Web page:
The club’s all time record transfer signing is Rodney Jack. Jack cost the club £650,000 from Torquay United in 1998. The highest transfer fee the club has ever received is £6 million, a fee paid by Manchester United for Nick Powell in 2012.
Crewe Alexandra’s all time record victory is 8-0, a scoreline achieved on three occasions - firstly in 1932 against Rotherham United in the Third Division North, then against Hartlepool United in the Auto Windscreens Shield in 1995, and finally against Doncaster Rovers in the LDV Vans Trophy in 2002.
The club’s record defeat is 13-2, a scoreline Tottenham Hotspur beat the club by in the FA Cup in 1960. Crewe Alexandra’s record defeat in the league came in 1951, when Lincoln City beat the club 11-1.
The current Crewe Alexandra players list consists of 24 members of the first team squad, supported by the Crewe Alexandra FC Academy.
Notable ex Crewe Alexandra players include those who came through the famous Crewe Alexandra ranks. These players include Geoff Thomas and David Platt, who went on to become regular England internationals, Robbie Savage, Neil Lennon and Steve Jones.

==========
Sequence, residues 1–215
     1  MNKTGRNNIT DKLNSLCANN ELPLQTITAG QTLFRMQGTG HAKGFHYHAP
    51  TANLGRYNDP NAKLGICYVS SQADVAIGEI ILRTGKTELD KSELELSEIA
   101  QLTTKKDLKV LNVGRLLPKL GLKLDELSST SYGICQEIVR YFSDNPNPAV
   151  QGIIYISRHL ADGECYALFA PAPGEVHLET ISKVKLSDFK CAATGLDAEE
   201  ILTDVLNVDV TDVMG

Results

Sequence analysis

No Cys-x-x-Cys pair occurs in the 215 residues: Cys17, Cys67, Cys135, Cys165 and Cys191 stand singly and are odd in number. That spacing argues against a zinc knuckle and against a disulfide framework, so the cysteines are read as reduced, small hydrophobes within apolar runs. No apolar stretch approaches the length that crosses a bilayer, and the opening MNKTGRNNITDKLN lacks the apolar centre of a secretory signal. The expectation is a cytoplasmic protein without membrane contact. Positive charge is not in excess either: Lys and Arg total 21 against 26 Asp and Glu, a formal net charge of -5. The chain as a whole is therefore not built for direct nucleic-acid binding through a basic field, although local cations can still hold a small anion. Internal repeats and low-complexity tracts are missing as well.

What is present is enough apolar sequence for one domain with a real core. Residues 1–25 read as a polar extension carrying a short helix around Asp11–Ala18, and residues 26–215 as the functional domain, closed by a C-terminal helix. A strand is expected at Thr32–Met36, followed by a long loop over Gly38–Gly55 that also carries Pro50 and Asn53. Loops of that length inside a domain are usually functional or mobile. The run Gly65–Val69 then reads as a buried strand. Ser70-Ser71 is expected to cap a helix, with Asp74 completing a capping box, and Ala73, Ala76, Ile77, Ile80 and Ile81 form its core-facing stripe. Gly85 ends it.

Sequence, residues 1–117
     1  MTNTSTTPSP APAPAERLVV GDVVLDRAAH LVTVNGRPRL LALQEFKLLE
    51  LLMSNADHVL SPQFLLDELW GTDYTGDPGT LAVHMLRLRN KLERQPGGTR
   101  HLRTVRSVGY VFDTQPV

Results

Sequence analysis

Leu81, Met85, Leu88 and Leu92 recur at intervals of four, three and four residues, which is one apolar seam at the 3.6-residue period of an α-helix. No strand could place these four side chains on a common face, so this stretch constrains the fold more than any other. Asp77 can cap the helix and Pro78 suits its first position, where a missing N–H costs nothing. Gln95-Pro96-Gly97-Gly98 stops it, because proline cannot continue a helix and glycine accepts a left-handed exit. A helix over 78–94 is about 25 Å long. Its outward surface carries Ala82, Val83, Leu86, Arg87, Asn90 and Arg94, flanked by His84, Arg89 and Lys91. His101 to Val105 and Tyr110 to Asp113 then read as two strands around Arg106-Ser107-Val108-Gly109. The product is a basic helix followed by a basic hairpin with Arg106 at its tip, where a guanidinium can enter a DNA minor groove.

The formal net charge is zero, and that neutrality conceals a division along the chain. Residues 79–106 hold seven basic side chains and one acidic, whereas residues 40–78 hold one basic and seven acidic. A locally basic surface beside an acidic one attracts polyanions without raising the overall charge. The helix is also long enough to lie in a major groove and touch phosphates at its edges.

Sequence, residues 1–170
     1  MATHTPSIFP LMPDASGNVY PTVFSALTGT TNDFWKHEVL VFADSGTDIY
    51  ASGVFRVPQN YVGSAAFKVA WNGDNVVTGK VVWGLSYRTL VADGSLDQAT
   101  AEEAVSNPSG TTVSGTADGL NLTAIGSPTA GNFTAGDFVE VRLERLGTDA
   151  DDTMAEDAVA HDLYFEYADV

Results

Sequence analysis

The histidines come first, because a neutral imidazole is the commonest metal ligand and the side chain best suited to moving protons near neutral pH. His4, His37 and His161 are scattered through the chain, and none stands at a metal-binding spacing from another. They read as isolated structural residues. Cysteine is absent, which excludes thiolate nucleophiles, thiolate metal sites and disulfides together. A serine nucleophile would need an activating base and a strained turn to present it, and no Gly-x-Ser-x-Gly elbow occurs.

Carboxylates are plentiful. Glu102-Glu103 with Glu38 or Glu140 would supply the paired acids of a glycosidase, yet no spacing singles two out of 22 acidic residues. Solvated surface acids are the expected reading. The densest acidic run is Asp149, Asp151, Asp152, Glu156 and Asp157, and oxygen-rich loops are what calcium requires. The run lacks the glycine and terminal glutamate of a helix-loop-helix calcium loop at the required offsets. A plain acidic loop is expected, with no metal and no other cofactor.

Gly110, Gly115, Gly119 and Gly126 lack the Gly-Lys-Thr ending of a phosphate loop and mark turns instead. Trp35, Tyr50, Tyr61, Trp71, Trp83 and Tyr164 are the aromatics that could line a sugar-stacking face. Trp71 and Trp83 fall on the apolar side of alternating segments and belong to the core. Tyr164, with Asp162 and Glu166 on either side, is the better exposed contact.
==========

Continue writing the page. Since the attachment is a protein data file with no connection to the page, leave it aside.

Other players who had come through the Crewe Alexandra youth ranks include Rob Jones, Seth Johnson, Danny Murphy, Dean Ashton and David Vaughan, all of whom went on to earn full international caps. John Pearson, though is the only player to have won a full international England cap whilst still playing his club football at Crewe Alexandra.
Seth Johnson and Danny Murphy are also classed as two of Crewe Alexandra supporters’ most favourite players, along with Craig Hignett.
The Crewe Alexandra manager is Steve Davis. Davis became Crewe Alexandra manager in 2011, replacing club favourite Dario Gradi.
Gradi is the club’s longest serving manager, taking charge of 1,399 Crewe Alexandra matches across four spells in charge of the club either as permanent boss, technical director or caretaker manager.
The man with the highest win percentage in Crewe Alexandra manager history is George Lillycrop. Lillycrop managed the club for 45 matches between 1938 and 1944, winning 20 of them giving him a win percentage of 44.44.
The Crewe Alexandra honours list consists of one third tier playoff win (1997); one fourth tier playoff win (2012); six Cheshire Senior Cup wins (1910, 1912, 1913, 1923, 2002, 2003); two Welsh Cup wins (1936, 1937); two Cheshire Premier Cup wins (2009, 2010); and one Football League Trophy win (2013).